richard harland's writing tips

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Good Writing Habits
 

Other Good Writing Habits Topics

 

1. Preparation

2.Writing Through


 

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3. Feedback & Revision

 

(i) YOUR READERS ARE YOUR NOVEL

 

Genre fiction is built upon reader reactions. Whether it’s shock, horror, laughter, grief, suspense, the emotion isn’t there in the words alone, but in the meeting between reader and words. Perhaps a literary novel can be beautiful solely for its language, perhaps a purely realistic novel can ask nothing from the reader except a capacity to observe. But genre fiction has to reckon with, and cooperate with, the reader’s capacity to feel.

So it’s no use saying ‘But there is suspense in that scene, because I put it there.’ Sorry. If your readers aren’t experiencing it, it isn’t there. The reader completes the circuit—or not. If not, then the failure is yours.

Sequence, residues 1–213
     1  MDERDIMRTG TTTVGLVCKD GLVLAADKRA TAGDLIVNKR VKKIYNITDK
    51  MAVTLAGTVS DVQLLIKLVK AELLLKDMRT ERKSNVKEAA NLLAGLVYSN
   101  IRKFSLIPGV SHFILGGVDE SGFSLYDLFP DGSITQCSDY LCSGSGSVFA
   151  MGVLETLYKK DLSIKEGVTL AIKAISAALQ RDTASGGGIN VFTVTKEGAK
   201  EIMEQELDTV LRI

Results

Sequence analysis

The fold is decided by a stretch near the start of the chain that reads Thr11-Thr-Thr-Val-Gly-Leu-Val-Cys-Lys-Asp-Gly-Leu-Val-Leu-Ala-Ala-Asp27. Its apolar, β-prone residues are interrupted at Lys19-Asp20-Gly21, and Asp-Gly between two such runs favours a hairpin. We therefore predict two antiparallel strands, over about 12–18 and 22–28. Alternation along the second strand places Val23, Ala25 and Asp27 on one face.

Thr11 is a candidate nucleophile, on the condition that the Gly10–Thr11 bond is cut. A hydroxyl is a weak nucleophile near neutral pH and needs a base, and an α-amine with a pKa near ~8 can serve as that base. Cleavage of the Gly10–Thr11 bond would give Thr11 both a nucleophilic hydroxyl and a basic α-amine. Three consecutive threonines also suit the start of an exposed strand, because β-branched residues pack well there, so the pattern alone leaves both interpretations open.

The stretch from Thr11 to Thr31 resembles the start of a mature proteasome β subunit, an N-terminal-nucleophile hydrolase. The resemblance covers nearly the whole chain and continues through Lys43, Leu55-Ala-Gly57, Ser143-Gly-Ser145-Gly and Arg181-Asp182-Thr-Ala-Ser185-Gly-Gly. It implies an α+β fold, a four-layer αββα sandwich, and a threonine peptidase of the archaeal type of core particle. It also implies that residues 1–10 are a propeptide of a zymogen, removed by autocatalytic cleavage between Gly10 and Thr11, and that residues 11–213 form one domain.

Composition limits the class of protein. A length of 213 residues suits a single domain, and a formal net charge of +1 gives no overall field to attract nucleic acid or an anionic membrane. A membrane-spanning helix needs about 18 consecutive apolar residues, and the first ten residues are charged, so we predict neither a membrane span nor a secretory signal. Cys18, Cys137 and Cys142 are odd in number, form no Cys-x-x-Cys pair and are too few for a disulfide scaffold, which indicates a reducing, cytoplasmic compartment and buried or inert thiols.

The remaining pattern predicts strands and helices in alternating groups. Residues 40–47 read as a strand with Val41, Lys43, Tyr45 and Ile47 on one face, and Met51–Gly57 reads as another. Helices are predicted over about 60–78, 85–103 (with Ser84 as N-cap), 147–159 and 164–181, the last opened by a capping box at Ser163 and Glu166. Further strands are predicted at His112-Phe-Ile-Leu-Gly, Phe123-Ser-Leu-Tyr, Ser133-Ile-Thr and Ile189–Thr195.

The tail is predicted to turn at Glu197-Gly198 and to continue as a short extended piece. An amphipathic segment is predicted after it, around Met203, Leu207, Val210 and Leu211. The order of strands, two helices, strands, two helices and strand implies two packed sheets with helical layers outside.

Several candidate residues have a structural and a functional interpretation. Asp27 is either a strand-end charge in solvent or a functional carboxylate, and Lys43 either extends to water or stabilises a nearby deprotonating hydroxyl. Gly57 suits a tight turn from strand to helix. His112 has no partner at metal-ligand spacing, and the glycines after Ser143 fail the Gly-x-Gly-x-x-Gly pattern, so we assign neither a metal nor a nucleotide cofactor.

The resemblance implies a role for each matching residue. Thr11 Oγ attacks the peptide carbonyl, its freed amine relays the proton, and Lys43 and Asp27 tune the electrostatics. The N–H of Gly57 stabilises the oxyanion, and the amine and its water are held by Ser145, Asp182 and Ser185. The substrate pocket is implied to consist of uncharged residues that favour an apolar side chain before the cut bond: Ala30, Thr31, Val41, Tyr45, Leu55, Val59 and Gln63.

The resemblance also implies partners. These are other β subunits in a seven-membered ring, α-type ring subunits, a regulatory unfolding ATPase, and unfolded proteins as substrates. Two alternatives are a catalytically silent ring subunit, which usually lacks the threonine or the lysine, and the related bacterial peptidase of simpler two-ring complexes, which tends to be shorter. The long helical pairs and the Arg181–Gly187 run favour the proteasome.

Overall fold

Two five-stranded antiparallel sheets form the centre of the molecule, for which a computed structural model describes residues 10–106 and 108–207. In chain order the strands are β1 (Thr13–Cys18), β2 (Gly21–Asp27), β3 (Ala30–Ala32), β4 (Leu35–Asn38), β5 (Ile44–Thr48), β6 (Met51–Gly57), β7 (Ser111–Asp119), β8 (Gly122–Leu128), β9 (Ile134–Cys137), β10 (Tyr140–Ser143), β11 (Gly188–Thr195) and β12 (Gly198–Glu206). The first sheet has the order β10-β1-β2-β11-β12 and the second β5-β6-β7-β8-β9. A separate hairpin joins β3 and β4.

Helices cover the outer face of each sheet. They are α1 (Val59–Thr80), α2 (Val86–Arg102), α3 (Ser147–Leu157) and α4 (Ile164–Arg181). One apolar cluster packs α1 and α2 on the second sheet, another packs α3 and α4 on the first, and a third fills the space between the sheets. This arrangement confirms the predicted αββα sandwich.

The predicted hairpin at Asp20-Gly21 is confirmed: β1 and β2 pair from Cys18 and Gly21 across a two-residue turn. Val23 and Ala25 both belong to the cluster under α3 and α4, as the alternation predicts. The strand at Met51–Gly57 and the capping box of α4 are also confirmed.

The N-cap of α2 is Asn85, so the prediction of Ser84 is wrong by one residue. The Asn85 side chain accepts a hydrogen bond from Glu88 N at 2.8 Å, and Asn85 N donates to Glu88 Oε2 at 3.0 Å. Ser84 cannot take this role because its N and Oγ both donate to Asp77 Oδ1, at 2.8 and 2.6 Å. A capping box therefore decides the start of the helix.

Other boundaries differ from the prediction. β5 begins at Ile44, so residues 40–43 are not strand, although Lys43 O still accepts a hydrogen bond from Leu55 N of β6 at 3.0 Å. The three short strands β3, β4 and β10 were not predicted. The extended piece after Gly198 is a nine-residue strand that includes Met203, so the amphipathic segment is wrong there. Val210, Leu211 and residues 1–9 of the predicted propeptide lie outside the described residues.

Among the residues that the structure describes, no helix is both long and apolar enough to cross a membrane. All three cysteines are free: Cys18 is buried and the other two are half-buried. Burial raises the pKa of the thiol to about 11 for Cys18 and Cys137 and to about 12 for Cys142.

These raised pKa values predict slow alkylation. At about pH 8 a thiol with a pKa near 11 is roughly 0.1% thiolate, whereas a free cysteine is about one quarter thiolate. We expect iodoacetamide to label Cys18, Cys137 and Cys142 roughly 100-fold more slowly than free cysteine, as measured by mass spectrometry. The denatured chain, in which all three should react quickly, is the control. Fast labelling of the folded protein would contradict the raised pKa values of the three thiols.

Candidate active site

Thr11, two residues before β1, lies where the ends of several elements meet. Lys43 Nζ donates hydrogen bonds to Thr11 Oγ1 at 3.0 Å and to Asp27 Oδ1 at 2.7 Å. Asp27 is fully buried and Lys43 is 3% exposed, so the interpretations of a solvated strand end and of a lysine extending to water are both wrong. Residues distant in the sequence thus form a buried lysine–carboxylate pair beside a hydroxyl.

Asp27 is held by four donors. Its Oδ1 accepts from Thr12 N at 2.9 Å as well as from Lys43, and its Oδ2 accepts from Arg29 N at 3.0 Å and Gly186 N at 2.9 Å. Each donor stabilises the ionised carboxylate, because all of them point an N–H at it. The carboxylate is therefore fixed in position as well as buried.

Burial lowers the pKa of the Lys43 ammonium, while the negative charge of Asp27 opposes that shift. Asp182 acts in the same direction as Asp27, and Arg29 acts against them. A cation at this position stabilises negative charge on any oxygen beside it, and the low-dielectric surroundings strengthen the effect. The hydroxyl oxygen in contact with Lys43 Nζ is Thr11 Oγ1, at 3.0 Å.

Of course, every individual reader’s capacity to feel is different. When you look for feedback, you wouldn’t want to trust to the response of just one reader. All kinds of accidental inputs can influence a single reading. But if you’re hearing the same response from more than one reader, you need to act on it.

10 readeers

I have a Ten Sample Readers policy. I try to get ten readers to give me feedback on an MS, preferably readers who belong to the category of readership I’m aiming at. If two or three readers out of ten are dissatisfied with some aspect of the novel, that’s too many. Or one editor and one reader … The only time I’d ever doubt an editor’s advice is if every single sample reader felt and said the opposite.

 

OTHER FEEDBACK & REVISION TOPICS

 

(ii) FEEDBACK FROM ORDINARY READERS

(iii) FEEDBACK FROM OTHER WRITERS

(iv) FEEDBACK FROM EDITORS

(v) RE-PRIORITISING

(vi) TAKE CHANGES ON BOARD

(vii) REVISION THAT ESCALATES

(viii) KILLING YOUR DARLINGS

(ix) AREAS FOR IMPROVEMENT

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Copyright note: all material on this website is (c) Richard Harland, 2009-10
 
 
Copyright note: all written material on this website is copyright
1997 - 2010 Richard Harland.